Whale season, beach baboons and rock rabbits
This weekend our ‘Road Trip’ took us along the scenic Clarence Drive on the eastern side of the False Bay coast. Clarence Drive is the coastal road carved in the rocky sea cliffs between Gordon’s Bay and Rooiels. The route offers magnificent views across False Bay to Table Mountain and the Cape Peninsula.
The drive leads through the Kogelberg Biosphere, the first and only biosphere in South Africa to be proclaimed by United Nations’ Educational, Scientific and Cultural Organization (UNESCO).
Our first stop was Kogel Bay, with long lines of surf breaking on the shining white sand, a favorite amongst local experienced surfers and sun-worshippers for its pleasant atmosphere and sheltered cove ‘Dappat se Gat’.
Here we spent several hours watching in silent awe as a couple of Southern Right Whales entertained us with their frolicking, ‘spy hopping’ immediately behind the breakers in front of us. Like some other cetaceans, these whales have reasonable vision in air as well as water, and this may be why they sometimes lift their heads vertically from the sea, an activity known as “spy hopping”.
The Southern Right Whale (Eubalaena australis) was given this name because they live in the Southern Hemisphere and at the time was the ‘right’ whale to hunt because they floated when killed. It is quite easy to spot because of its many unique features. The head of a Southern Right is much hairier than most whales, it also has callosities (a series of horny growths) behind the blowhole, on the chin, above the eyes, on the lower lip and on the rostrum (beak like upper jaw).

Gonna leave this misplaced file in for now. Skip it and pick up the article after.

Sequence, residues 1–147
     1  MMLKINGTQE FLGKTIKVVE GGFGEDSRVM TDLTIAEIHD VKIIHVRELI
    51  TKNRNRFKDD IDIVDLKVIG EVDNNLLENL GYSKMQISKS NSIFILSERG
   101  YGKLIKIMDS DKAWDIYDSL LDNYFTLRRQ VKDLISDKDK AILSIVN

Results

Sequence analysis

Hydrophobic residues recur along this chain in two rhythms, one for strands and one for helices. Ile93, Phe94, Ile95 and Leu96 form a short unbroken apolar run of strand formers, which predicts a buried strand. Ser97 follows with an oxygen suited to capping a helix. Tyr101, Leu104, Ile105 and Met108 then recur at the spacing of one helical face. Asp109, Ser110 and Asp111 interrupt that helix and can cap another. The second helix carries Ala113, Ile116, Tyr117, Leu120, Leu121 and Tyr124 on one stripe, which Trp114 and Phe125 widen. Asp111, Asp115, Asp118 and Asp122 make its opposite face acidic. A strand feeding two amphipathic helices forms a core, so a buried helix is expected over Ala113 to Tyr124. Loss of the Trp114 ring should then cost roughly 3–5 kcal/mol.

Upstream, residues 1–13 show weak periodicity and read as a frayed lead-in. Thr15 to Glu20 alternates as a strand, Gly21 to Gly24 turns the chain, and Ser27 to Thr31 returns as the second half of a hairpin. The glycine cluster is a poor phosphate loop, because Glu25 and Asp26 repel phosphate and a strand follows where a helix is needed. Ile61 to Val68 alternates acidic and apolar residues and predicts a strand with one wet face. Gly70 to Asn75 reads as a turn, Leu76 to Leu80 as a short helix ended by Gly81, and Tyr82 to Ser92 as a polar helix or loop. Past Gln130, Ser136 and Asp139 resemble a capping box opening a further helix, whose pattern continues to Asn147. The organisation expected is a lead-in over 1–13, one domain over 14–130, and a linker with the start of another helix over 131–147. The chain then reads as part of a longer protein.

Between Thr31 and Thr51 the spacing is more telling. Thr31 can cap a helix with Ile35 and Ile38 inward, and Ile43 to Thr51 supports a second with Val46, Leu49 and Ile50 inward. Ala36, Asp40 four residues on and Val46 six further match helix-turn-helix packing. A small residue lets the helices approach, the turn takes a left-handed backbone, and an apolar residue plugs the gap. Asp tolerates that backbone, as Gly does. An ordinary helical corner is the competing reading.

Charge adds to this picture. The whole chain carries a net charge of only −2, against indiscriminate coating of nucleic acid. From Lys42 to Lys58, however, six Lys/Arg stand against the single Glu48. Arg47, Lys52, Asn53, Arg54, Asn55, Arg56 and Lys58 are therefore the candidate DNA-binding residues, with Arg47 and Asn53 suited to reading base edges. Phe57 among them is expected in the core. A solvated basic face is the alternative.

We watched as them spurt out plumes of water when exhaling. In today’s day and age its really very hard to imagine anyone wanting to actually hunt and kill these gentle giants of the ocean. We then headed to the small seaside village called Rooiels, famous for its magnificent views over False Bay.
Rooiels is the first little village to be explored along the stretch of coastline through to Pringle Bay, Betty’s Bay and Kleinmond. These four towns are commonly known as the Hangklip – Kleinmond area. Here we spotted the resident Chacma baboons, Rooiels has its own troop and they move from along the coast to Betty’s Bay searching for food.
They also visit rock pools for seafood and pick up shells and seaweed on the beach. On our return journey we saw a lot of Cape Dassies, or Rock Hyrax basking in the late afternoon sunshine on the boulders and rocks along the scenic coastal road.
The dassie is a brownish gray, rabbit-sized mammal, resembling a guinea pig, it is apparently the African elephant’s closest living relative and this close evolutionary relationship is deduced from similarities in the structure of the feet and teeth. The Rock Dassie feeds in the morning and afternoon, if it gets enough succulent feed it doesn’t need water. The little fellow spends very little time moving around, to conserve energy. The dassie’s main predators are Black eagles, Caracal and Leopard, all of which are found in this magnificent area.
Once you start really exploring an area its amazing how much you can discover, when we slow down a little and step off the beaten track, there’s so much more to experience than meets the eye. Road Travel is committed to delivering unique local experiences to those who desire something more than the usual tourist ‘hotspots’.